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Grains are often called the "staff of life," having a sort of credibility that is biblical in proportion. So prevalent is the perception that grains make for "good food" that the Food and Agriculture Organization (FAO) – which is the United Nation's international agency for defeating hunger – uses a head of wheat as its emblem, with the Latin Fiat Panis or "Let There Be Bread" as its motto.
Despite the rather lofty secular position a loaf of whole grain bread may hold in the international community, the biblical record actually shows that the first foods mentioned in the Bible were the Herbs and Fruit Trees (Genesis 1:29) and that by punishment for sin God gave man bread:
"...cursed is the ground for thy sake;...In the sweat of thy face shalt though eat bread, till though return unto the ground..." (Genesis 3:17,19).
The inherent wisdom of this biblical message has long been forgotten and today, according to the USDA MyPlate, grains should constitute a sizeable sector of our diet in the form of "bread, cereal, rice, and pasta." Many of us, whose hyper-agrarian taste buds and gastrointestinal tracts have never once gone a day without some grain-derived morsel of bread or cracker, find ourselves expressing our dependency on these foods in telling, half confessionary phrases like: "I'm starving for a piece of bread," or "that pizza is to die for," forgetting that among non-agrarian peoples, grains were universally considered a last resort, or, starvation food only.
In an agrarian society such as our own, we should expect our government to recommend the consumption of grains and our contemporaries to consume grains in plenty. After all, we are no longer hunting and gathering our food. Cereal grasses, in fact, are at the substrate of nearly all modern food production, from the bread we bake, to the milk we drink, to the meat we eat.** With 10% corn ethanol gasoline now a federal mandate, even our vehicles are forced to quench their thirst at the table of the almighty grain.
And yet despite all of this, economic pressures and cultural preferences can not negate the fact that our bodies did not evolve on a grain-based diet. Grain consumption en masse began only 1-500 generations (20-10,000 years)* ago, depending on how far from the bread basket of civilization (i.e. the Fertile Crescent) one's ancestors happened to have wandered, or how fortunate they were in fending off invading agrarian societies, such as the Romans. The Roman empire's moniker, the "Wheat Empire," was earned in part by the fact that that Roman forts were actually granaries, designed to hold a year supply of wheat in case of siege.
Still today, Irish, Scottish and Finnish people have some of the world's highest levels of celiac disease. Their resilient ancestors managed – for the most part – to fend off the Roman invaders which, at the same time, prevented them from adapting adequately to the radically different foreign fare of a grain based diet. (Learn more in our article The Dark Side of Wheat)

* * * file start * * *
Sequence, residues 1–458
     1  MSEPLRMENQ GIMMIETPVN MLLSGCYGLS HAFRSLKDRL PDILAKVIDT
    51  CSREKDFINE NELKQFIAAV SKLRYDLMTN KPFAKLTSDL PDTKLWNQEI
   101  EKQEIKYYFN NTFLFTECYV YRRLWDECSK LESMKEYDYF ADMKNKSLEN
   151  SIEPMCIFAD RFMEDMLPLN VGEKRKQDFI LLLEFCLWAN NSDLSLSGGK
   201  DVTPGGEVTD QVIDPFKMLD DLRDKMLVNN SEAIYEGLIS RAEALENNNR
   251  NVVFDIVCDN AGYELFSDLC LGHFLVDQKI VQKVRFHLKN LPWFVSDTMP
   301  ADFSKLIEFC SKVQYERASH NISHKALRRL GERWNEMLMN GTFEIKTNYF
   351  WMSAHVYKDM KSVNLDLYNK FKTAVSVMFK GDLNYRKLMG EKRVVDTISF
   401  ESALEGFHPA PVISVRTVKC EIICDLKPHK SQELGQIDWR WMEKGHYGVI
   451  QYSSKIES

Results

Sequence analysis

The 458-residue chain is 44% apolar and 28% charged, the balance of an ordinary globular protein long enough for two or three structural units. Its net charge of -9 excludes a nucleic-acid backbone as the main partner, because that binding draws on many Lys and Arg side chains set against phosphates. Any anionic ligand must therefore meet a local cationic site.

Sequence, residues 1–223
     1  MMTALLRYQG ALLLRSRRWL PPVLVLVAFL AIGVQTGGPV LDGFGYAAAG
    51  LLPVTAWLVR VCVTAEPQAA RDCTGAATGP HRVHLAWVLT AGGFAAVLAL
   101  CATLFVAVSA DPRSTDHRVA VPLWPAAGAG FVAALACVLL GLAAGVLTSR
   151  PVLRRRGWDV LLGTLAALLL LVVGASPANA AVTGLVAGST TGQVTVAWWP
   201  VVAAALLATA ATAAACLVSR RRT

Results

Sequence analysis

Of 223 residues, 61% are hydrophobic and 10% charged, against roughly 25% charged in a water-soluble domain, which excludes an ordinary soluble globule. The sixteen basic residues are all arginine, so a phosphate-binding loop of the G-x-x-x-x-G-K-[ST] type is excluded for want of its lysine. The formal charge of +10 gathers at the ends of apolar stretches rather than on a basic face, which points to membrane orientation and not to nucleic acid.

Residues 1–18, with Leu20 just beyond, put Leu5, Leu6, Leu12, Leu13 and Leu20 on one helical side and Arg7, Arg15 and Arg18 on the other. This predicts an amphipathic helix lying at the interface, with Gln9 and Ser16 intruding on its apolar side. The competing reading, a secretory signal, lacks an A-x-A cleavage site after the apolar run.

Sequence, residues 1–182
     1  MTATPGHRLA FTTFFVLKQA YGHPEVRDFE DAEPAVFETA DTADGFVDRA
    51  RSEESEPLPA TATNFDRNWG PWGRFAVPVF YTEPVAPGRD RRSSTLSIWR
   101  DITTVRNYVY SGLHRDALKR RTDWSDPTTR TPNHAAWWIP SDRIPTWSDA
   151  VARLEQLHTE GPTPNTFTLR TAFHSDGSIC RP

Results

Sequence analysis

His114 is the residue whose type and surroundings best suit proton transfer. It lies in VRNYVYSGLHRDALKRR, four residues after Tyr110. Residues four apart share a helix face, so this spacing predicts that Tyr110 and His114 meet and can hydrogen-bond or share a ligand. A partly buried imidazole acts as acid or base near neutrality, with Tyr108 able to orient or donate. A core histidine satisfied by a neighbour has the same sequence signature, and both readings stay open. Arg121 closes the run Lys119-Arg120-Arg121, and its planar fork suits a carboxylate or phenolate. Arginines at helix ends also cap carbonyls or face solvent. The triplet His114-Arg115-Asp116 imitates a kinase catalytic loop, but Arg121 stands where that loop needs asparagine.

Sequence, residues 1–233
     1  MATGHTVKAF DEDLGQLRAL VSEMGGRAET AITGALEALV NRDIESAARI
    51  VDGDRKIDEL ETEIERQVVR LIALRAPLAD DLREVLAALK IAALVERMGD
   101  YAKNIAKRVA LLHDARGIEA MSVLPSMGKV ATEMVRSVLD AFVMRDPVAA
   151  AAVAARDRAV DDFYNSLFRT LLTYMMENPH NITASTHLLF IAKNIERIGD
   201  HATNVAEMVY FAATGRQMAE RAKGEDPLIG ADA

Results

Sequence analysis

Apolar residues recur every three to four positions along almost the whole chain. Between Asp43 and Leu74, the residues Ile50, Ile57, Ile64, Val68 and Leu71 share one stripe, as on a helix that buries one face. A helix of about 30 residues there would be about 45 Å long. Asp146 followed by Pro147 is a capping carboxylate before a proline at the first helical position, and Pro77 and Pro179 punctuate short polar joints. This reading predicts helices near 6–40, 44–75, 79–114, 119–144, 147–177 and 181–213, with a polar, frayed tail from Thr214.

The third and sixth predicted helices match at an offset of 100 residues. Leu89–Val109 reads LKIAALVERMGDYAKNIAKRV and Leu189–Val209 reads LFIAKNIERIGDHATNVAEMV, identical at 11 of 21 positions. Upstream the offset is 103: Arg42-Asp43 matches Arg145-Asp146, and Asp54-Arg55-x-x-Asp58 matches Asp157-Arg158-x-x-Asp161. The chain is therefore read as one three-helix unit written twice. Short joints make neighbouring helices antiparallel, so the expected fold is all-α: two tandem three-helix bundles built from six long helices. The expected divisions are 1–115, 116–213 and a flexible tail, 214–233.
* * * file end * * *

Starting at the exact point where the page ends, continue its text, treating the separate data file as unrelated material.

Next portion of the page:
Historical examples like these provide an interesting window to peer through, but we must look to prehistory, as inscribed so perfectly into the very flesh and bone of the human frame and even further down to our very DNA, if we are to perceive with any clarity how alien cereal grass seeds are to our human metabolism.
The most obvious physiological representation of this fact is that we are monogastric mammals, and therefore are not equipped with the multitude of forestomachs found in the ruminant animals which enable them to break down these difficult to digest grasses. Even the ruminants have great difficulty with the "seed" form of the grasses, developing metabolic acidosis, infections and other "diseases of affluence" not dissimilar to those that afflict humans who consume grains heavily, especially when fed wheat.
Seeds, after all, are the "babies" of these plants, and are invested with not only the entire hope for propogations of its species, but a vast armory of anti-nutrients to help it accomplish this task: toxic lectins, phytates and oxalates, alpha-amalyase and trypsin inhibitors, and endocrine disrupters. These unappetizing phytochemicals enable plants to resist predation of their seeds, or at least prevent them from "going down without a fight." (Learn about the ultimate "invisible thorn" in wheat seeds)
We are monogastric mammals for a reason. Our gastrointestinal tracts have been intelligently constructed via millions of years of adaptation to environmental determinants, with diet first in order of importance. It is no longer a mystery why we are built the way we are. In fact decades of research in biology, evolution, anthropology and genetics have now brought to light the formative forces behind our present day metabolism and physiology.
We Are What We Once Ate Long Ago
A growing body of research has emerged which focuses on the relationship between agrarian or grain-based diets and diseases of affluence, and how increased susceptibility for obesity, cardiovascular disease and diabetes in agrarian societies can be linked to the absence of genetic adaptations to the consumption of grains in our species as a whole.